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Hi all,

Figured I’d ask the experts around here! I received a pair of amazing Cockatoo Cichlids and my local LFS were selling them as a pair (Male and Female). When I got home, I did my research on them and noticed that my female wasn’t looking like other females online. Could you please all let me know your opinion?

I believe the first picture is the female and the second is the male.

I would be happy to upload more pictures if needed.

Thanks!
Water Reptile Organism Scaled reptile Underwater

Water Vertebrate Cloud Underwater Fluid
 

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Hmmmm.....
Looks like a fine quality female or a possible young male. My males‘ dorsal fin took its shape rather quickly and the visual differences became apparent in a small amount of time.
+1 to @AddMeONLeagueOfLegends on that..
Also, what size tank are these Apistos of yours in? I ask, because this is a species of Cichlid that does not form pairing bonds to spawn. To explain: in the wild, a male Apisto will spawn with as many females as he can, based on how dominant and aggressive he is in controlling a territory. This will make for a male Cichlid in an aquarium, that can put a lot of harassment and spawning aggression on a single female kept with him. So if kept in smaller-sized tanks and a lone female doesn't have the room to escape that constant aggression, a male Apisto could literally harass a single female kept with him to death. To avoid that, this species is typically kept in what are known as 'harems' with one male and multiple females of the same species to more evenly spread out the aggression, so no one female gets isolated and harassed too much. A 1M/3-4F harem group is what I recommend for keeping A. cacatuoides, Cockatoo Cichlid in the aquarium.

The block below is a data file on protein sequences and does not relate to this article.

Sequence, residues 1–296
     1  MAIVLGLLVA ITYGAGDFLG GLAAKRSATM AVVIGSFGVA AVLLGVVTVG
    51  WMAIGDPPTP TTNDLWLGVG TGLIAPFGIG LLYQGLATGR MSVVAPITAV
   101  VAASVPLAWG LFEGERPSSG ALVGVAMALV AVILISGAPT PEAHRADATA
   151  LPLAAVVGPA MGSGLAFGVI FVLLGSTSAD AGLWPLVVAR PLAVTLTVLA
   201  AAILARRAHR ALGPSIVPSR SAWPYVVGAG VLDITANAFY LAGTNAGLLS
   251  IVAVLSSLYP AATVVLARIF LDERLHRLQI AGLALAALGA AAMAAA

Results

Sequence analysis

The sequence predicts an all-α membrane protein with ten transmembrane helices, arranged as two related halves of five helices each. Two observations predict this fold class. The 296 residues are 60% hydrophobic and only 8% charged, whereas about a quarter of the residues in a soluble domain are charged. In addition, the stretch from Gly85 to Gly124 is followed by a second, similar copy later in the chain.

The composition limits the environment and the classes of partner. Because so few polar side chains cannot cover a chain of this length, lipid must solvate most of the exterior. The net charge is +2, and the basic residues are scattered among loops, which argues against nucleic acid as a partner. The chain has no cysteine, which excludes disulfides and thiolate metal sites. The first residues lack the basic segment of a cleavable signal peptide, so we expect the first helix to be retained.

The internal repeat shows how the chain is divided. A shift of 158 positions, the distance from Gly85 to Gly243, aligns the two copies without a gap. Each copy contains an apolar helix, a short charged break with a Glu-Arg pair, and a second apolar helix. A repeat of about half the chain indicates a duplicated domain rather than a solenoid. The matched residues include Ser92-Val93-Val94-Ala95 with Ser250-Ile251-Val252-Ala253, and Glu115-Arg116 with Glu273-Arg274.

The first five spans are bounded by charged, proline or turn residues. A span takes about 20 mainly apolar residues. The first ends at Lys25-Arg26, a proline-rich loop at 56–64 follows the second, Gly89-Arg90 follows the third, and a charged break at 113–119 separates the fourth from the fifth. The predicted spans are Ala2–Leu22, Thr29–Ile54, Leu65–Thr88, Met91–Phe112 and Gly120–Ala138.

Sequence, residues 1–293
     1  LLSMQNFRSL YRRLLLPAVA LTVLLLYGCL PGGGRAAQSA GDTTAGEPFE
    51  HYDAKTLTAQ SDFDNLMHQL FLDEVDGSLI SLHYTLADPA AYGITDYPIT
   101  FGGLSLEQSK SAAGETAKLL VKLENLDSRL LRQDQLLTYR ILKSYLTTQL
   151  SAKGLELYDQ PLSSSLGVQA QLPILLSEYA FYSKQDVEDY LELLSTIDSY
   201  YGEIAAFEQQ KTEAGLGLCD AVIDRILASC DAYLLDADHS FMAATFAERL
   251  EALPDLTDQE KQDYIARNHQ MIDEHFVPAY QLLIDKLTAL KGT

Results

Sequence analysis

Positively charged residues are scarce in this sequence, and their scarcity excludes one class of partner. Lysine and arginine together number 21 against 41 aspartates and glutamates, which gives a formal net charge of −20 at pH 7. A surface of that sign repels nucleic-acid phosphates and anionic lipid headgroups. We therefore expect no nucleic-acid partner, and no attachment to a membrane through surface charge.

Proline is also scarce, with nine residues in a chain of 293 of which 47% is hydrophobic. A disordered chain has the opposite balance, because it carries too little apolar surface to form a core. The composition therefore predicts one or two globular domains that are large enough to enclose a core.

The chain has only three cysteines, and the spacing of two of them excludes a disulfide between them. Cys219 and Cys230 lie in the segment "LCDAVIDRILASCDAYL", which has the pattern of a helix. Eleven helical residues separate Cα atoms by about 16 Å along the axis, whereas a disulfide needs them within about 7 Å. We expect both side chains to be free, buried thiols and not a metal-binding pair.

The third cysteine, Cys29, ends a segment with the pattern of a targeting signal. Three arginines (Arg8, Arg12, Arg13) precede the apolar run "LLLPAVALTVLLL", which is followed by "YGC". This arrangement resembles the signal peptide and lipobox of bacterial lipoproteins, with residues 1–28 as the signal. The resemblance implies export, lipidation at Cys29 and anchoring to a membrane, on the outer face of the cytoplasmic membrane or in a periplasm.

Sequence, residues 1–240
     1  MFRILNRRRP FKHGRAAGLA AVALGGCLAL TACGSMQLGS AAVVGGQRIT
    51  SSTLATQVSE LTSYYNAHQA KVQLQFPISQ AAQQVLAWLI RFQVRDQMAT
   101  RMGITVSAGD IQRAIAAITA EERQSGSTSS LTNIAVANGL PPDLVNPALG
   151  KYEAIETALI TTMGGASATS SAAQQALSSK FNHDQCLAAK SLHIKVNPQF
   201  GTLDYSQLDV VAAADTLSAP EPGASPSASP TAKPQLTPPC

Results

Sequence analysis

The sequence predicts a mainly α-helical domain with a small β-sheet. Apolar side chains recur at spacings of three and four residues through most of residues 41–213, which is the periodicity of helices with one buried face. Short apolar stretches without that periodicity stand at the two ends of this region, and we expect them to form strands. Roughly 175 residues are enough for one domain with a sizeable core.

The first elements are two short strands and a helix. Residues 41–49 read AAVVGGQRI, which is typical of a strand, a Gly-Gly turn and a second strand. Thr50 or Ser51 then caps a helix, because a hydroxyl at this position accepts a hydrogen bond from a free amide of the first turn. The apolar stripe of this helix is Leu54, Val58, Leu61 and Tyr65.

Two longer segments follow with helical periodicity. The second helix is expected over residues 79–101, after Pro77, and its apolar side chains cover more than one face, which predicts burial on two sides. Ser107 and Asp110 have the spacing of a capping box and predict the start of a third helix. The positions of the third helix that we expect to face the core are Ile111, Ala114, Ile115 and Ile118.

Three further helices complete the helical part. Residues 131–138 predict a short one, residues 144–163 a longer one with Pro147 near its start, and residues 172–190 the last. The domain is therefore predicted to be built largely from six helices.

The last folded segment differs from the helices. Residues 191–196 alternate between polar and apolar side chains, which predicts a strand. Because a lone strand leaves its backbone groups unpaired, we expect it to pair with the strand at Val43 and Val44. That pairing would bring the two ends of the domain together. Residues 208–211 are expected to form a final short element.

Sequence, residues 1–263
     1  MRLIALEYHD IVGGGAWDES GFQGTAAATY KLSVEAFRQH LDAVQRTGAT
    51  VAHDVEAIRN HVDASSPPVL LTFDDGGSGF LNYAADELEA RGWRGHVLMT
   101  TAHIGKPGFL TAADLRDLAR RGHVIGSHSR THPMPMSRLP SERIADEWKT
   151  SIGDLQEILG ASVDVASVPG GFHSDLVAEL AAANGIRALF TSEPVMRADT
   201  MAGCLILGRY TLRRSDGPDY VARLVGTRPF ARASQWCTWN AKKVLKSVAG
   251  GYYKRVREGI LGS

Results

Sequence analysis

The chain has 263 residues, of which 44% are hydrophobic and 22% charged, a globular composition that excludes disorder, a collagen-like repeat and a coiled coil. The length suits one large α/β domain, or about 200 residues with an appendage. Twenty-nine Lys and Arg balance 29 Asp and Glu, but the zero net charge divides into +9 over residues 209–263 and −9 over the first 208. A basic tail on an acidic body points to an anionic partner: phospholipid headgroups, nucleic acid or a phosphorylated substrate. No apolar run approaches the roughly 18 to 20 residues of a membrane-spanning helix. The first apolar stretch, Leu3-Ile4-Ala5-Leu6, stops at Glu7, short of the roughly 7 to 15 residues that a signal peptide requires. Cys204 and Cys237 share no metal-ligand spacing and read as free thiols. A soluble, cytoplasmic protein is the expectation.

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I suspect both may be males but with the first one it’s difficult it to be sure. I once had three, one obviously a male, the others I hoped would be females. But as it turned out all were males. The two smaller ones did not develop the typical male characteristics until I removed the dominant male and put them in separate tanks.
 

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Some of the domestic color varieties of cacatuoides can have very colorful females, not sure why. I would say it well could be a female, but the other problem with domestic strains is that sometimes they aren't very good breeders. And, as Auballagh stated, Cockatoos are more often a harem breeder. I have bred wild or near wild as pairs on occasion, but domestics always seem touchy.
 

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Domesticated Cacatuodies are a notoriously hard apistogramma species to sex when you. In recent years, females have been selectively bred for male characteristics, something no other apistogramma species has been subjected to so diligently. As previously stated by Auballagh and Mr. Chromedome most apistos are polygamous and cactuodies especially so. Many keep upwards of 5 females for each male, but a pair should be fine. Just be wary of any aggression.

For me to ID them fully, the fish would need to be at least a few months older. I would say you have 2 young males now given the fin extensions on the lower fish and the colouration on the first fish. However, the first could also be a female, as it is hard to differentiate at this age with domesticated cacatuoides.
 

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Domesticated Cacatuodies are a notoriously hard apistogramma species to sex when you. In recent years, females have been selectively bred for male characteristics, something no other apistogramma species has been subjected to so diligently. As previously stated by Auballagh and Mr. Chromedome most apistos are polygamous and cactuodies especially so. Many keep upwards of 5 females for each male, but a pair should be fine. Just be wary of any aggression.

For me to ID them fully, the fish would need to be at least a few months older. I would say you have 2 young males now given the fin extensions on the lower fish and the colouration on the first fish. However, the first could also be a female, as it is hard to differentiate at this age with domesticated cacatuoides.
Hi!😃
That's sooo neato! Wow!😃 you do learn something every day; thanks!
 
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